When I hear people down-talking Obama for tearing up the country, I think, “What?  Cheaper healthcare and marriage equality?  Where’s the problem?”  It all makes sense to me.  But for a lot of people, the shifts taking place right now are mind-blowing.  And there’s no national plan for bringing these people along, no forum for talking about what scares them, not without ripping them apart and labeling them “haters.”

Strangely, as our country has become more inclusive, we’ve become more exclusive.  There’s a right way to talk about change and a wrong way.  And we don’t want to hear the wrong way.  We don’t want our change to be messy.

But change, by its very nature, just is.

I’m in the camp that believes history will celebrate Obama for the social progress that has taken place during his presidency. With Obamacare and same sex marriage, we should feel as though we’re headed toward a kinder world, but we don’t.  Political discourse right now is just plain ugly, and as our nation’s leader, Obama needs to take a hit for the bad blood — both in Washington and on Facebook. Change management hasn’t been a part of his political strategy. He has been focused on winning and then on celebrating his winning.  And if you look at where the country has gone over the last 6 years, most “wins” go to the Democrats.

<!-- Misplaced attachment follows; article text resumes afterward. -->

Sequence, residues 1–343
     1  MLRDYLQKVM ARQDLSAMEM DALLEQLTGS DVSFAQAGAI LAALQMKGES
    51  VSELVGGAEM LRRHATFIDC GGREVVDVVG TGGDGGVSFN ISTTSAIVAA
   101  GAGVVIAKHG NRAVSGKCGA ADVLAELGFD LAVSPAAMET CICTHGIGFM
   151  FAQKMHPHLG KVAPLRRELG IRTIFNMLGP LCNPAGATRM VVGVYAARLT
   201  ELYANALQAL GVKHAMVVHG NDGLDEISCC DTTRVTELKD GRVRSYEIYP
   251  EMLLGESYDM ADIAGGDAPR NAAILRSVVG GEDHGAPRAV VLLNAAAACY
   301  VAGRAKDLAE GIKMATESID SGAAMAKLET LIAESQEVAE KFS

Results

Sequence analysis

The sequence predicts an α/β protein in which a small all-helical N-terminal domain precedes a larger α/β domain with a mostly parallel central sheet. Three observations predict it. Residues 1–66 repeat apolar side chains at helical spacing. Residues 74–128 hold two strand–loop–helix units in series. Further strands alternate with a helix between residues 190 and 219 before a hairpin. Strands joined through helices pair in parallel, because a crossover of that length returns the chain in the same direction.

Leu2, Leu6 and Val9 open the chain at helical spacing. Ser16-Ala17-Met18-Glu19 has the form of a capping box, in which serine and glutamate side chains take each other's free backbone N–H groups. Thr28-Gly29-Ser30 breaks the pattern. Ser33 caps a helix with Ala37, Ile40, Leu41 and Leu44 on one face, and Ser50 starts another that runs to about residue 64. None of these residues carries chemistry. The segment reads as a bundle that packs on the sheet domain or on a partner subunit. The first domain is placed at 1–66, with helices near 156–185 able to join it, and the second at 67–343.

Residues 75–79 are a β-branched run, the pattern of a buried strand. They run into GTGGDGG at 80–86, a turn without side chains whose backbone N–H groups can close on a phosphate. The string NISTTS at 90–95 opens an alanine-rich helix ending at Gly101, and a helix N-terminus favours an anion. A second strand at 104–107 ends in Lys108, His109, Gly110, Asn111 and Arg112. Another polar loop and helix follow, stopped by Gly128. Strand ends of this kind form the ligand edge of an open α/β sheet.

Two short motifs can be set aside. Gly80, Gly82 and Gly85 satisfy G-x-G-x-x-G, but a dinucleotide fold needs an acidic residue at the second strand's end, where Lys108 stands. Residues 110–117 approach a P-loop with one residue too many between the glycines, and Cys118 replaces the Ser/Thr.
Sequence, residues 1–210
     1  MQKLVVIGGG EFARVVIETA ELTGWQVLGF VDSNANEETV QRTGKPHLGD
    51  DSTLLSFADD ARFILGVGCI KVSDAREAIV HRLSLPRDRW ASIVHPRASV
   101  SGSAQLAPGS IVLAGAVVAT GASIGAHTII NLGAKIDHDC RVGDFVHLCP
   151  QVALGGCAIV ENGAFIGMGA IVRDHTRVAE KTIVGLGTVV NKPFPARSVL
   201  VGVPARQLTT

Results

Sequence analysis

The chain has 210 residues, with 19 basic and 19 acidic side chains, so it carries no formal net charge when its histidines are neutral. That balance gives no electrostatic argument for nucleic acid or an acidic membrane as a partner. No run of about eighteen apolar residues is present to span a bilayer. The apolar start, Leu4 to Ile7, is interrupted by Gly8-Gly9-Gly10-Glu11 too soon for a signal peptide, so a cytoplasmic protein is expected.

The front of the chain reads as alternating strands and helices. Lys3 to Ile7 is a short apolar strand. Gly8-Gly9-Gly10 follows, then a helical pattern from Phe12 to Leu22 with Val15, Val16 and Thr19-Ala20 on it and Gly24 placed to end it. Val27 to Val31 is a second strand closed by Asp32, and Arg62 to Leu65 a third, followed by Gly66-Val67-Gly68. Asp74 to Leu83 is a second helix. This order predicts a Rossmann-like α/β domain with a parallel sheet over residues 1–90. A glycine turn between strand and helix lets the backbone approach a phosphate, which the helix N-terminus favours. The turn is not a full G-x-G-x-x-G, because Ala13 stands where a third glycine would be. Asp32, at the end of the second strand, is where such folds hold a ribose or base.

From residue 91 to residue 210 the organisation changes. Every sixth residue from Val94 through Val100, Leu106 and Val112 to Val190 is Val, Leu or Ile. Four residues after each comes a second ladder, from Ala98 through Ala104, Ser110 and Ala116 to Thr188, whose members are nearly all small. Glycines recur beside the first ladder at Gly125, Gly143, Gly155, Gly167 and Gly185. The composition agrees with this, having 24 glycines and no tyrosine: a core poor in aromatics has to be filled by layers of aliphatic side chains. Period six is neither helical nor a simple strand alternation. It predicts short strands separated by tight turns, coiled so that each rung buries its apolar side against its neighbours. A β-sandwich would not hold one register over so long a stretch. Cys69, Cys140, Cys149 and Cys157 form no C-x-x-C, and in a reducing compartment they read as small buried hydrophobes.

But if only the half the country feels as though it’s part of the winning team, can we truly call all this progress “winning”?